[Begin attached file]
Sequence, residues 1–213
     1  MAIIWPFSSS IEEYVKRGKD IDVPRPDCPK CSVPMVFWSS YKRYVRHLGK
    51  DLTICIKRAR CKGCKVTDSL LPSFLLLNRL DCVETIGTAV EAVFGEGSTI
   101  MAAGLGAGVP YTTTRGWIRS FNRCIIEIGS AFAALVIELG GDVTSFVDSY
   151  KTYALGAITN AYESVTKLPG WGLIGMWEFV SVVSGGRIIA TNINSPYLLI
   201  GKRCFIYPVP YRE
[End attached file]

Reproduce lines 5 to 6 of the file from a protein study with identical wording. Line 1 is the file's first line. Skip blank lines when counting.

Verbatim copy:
   151  KTYALGAITN AYESVTKLPG WGLIGMWEFV SVVSGGRIIA TNINSPYLLI
   201  GKRCFIYPVP YRE